The Long Beach Community College District Board of Trustees has formed a two-member ad hoc committee to oversee the search for a new superintendent-president for Long Beach City College (LBCC).


In mid-July, current Superintendent-President Eloy Ortiz Oakley was named chancellor of the entire California Community Colleges system. He begins his new duties on December 19.

In a Business Journal photograph from 2014, Long Beach City College President-Superintendent Eloy Ortiz Oakley is pictured with past presidents of the college district. He was recently named chancellor of the California Community College System. He starts his new post in December.


The board’s ad hoc committee consists of Board President and Area 5 Trustee Ginny Baxter and Board Vice President and Area 1 Trustee Jeff Kellogg. This month, they will review responses to a request for proposals they issued for a firm to conduct the search for Oakley’s replacement, according to Kellogg. “Those responses will be in later this month, and we, the ad hoc committee, will review those and make a recommendation to the board at our September 22 meeting for consideration,” he said.


The ad hoc committee and search firm will recommend the configuration of a group of city college stakeholders to provide input in the search and selection of a new superintendent-president. “It’s a very broad section of our community that is part of the process in selecting our next CEO,” Kellogg said.


The LBCC superintendent-president is the only employee the board is responsible for hiring, Kellogg noted.


Personally, Kellogg is hoping to find another leader for the college who will stay on long term. Its last two presidents, including Oakley, each stayed about 10 years, he pointed out.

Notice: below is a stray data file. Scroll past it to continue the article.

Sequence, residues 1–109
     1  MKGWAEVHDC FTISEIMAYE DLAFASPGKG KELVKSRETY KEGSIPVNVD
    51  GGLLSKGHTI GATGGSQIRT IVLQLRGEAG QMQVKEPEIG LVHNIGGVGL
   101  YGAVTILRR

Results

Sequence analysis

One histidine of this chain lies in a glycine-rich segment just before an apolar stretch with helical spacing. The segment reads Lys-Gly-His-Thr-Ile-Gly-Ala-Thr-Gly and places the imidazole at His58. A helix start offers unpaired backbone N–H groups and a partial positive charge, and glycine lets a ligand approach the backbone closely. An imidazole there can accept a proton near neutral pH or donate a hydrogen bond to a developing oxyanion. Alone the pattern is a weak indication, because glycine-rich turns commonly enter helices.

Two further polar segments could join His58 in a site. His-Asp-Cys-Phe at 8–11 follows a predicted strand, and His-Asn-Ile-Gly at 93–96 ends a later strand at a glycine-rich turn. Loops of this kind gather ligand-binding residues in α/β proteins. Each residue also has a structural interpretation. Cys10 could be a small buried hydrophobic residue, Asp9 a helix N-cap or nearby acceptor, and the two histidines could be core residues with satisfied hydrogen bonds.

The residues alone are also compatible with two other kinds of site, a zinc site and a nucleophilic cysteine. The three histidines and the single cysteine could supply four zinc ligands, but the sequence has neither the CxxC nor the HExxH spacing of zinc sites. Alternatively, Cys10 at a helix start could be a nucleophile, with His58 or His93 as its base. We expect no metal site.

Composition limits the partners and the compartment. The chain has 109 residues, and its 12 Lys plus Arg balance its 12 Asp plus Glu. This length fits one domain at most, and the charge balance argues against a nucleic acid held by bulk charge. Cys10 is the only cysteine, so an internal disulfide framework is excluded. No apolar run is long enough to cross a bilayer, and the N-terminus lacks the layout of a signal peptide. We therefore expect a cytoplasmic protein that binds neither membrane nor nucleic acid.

Kellogg hopes the search process will be able to start in January or sooner. “We’ll get down to the finalists, and we’ll be able to have final interviews and selection to where the new superintendent-president will be hired by May or June of 2017,” he said.


The search firm will solicit specific candidates it identifies and will also advertise for the position, Kellogg said.


After Oakley departs in December, the board will have the option of hiring an interim superintendent-president or identifying an acting leader from within LBCC’s existing staff, Kellogg said.


The next superintendent-president will have to contend with funding issues related to the state budget, taking the Long Beach College Promise to the “next level,” and managing a recently passed $850 million construction bond, Kellogg said. Additionally, he or she will have to stay keyed in to student needs. “What students need today may not be what they need in the future, and that’s part of your leadership,” he said.


Kellogg said the next leader of Long Beach City College should not only be a manager but a visionary, as Oakley has been.